It was early spring in Uzbekistan when I was sitting at home in front of my computer with a cup of tea trying to make a decision of what I would be studying at the International College as my minor program. The offer consisted of three subjects: Sustainability, Global Asian Studies, or Digital Humanities. Few hours of “research” on the Internet didn’t really help me to fully understand the underlying core of those three subjects. However, among them there was a strange, completely unknown for me and yet pretty appealing field of study: Digital Humanities.
In the lines below, I would like to tell you the story of how my initial perception of what Digital Humanities are was completely transformed, only after a couple of moths of taking the course ‘Introduction to DH’.
In the very first lesson, the professor told us to divide into two groups, and we were given the task to visually describe our thoughts on the definition of DH. Being students from substantially different backgrounds, we could look to DH from a variety of perspectives. We concluded that it is a sort of bridge connecting the past and the present. The combination of words “digital” and “humanities” might sound way too puzzling at first, but things start to become clearer when you go a little deeper into history. In fact, studia humanitatis have been there since the dawn of time, while the computational sciences have a history of about half a century. Thus DH is something that constitutes a delicate balance of these two seemingly incoherent fields of research.
DH boasts a wide range of applications, from helping scholars to explore ancient civilizations, to the smart management of the data in the study of the works of a particular poet. Drones, as well, might represent a clear instance where “digital” encounters “humanities”: in their scientific expeditions, archaeologists take advantage of digital component of drones and then use the data obtained through remote sensing . The class discussion stressed also the link between DH and equal opportunities. Digital museums and online collections of works of different forms of art serve as a clear example of that. In fact, ages ago not everyone could visit museums and ordinary people didn’t have the opportunity to enjoy the greatest pieces of art. Now, thanks to the integration of digital technologies with humanities, most of the people have the possibility to become acquainted with at least fundamental principles of history, art and all other sub-fields of humanities.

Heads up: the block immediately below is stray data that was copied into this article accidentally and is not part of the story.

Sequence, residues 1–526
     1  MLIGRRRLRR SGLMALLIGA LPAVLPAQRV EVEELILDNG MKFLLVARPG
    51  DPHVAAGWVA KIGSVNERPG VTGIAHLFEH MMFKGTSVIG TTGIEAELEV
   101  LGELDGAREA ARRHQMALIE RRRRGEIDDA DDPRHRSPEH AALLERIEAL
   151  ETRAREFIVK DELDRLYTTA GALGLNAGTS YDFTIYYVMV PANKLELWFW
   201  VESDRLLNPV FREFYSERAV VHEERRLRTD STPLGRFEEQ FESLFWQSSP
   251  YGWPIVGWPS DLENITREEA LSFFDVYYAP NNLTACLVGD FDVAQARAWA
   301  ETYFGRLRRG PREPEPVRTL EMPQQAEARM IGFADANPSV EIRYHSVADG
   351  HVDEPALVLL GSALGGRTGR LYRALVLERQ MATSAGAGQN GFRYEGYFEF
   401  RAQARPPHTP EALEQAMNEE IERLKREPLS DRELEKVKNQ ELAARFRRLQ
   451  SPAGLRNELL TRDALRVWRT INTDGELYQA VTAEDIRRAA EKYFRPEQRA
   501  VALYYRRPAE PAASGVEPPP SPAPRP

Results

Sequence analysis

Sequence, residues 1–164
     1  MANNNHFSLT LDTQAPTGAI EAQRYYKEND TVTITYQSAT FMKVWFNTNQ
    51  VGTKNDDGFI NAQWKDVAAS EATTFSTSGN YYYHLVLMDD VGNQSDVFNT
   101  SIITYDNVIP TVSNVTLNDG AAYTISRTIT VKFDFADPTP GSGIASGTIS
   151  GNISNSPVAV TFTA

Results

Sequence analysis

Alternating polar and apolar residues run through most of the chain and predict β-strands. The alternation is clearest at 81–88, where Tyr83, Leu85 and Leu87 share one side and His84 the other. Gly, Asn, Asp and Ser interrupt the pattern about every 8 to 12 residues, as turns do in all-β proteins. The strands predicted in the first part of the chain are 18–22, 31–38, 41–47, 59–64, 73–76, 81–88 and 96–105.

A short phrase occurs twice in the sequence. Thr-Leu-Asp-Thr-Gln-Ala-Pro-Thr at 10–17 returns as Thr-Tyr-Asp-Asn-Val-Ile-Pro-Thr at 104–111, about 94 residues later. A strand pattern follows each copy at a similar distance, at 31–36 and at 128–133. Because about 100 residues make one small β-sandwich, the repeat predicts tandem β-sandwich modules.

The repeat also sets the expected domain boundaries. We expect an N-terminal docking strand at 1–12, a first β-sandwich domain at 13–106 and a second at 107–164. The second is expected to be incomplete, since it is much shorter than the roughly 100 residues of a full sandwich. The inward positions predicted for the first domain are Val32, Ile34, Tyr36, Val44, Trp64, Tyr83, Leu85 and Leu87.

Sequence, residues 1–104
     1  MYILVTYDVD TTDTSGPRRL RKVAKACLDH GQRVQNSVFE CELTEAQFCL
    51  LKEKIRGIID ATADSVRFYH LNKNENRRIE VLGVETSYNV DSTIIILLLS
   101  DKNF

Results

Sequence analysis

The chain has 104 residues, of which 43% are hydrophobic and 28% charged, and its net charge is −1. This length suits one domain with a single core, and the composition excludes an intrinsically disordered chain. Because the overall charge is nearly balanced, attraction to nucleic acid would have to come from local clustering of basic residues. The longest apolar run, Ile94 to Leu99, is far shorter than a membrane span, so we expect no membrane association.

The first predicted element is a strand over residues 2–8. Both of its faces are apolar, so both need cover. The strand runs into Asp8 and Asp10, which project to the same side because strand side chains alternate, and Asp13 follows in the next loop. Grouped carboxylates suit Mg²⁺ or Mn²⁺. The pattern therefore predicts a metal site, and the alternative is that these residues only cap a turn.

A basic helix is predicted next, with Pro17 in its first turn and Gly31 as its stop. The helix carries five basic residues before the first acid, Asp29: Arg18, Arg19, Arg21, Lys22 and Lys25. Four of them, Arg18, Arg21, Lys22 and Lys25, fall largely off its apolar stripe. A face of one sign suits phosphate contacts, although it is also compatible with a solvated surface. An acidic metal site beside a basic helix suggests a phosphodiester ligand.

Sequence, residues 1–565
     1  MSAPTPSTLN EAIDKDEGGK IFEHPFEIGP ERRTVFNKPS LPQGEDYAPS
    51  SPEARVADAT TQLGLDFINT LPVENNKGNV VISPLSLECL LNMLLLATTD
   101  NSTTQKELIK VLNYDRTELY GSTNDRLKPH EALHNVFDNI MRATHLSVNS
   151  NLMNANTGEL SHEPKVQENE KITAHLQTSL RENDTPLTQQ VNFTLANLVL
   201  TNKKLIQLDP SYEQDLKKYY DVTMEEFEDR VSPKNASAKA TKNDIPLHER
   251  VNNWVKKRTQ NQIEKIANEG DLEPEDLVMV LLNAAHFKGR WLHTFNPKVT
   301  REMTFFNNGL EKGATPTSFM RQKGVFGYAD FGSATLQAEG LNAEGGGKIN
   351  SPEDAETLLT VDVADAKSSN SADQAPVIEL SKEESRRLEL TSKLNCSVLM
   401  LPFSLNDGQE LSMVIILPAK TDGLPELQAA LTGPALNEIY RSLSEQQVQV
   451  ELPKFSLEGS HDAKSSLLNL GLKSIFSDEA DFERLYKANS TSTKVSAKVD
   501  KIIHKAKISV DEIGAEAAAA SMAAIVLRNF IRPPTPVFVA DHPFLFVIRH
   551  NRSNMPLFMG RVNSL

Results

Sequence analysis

It is important to look back to the origins of Digital Humanities and understand how it all started. The first encounter of humanities with the world of computers took place in 1949 when Roberto Busa, an Italian Jesuit and theologian, approached Thomas J. Watson, the founder of International Business Machine (IBM) Corporation, seeking help in indexing the works of Thomas Aquinas. The outcome of this encounter introduced new tools, such as text searches and the system of word counts to humanities. Thus, it can be stated that the collaboration between these two fields has lasted for almost 70 years.
Now there comes a question: how had humanist scholars been conducting their research before the arrival of computers? The answer might challenge the principles of Digital Humanities and therefore might lead us to the actual definition of the subject.
Firstly, it requires us to look closely to the composition of Humanities: Literature, Arts, History, Philosophy, Psychology… and the list goes on and on. For the moment, what we need to realize is not how long we can keep this list going on, but rather understand how enormous the field of Humanities is. It is everywhere; it is everything that can relate to a human being: in what one believes (religion and traditions), what one feels (emotional state), what one creates (a craft) and what one sees (nature). As we can see, Humanities is constructed mainly on spiritual and irrational aspects of humans making it to have objective views. And when this objectiveness confronts with as strictly rational field of study as Computer Sciences, this is where Digital Humanities comes to light. Not only do the computational tools make the job of humanities scholars easier, but also they play major role to interpret the abstract and sometimes too complex language of humanities to the external world. Coming from this logical chain we have no right to consider the digital tools outweighing humanities by wrongly assuming that the latter couldn’t have survived without the former. Nevertheless, we can’t ignore the presence of computer sciences in DH since it makes no sense to call this field the way we call it now: Digital Humanities.
by Javohir Isomurodov
Versione italiana: Cosa sono le Digital Humanities?
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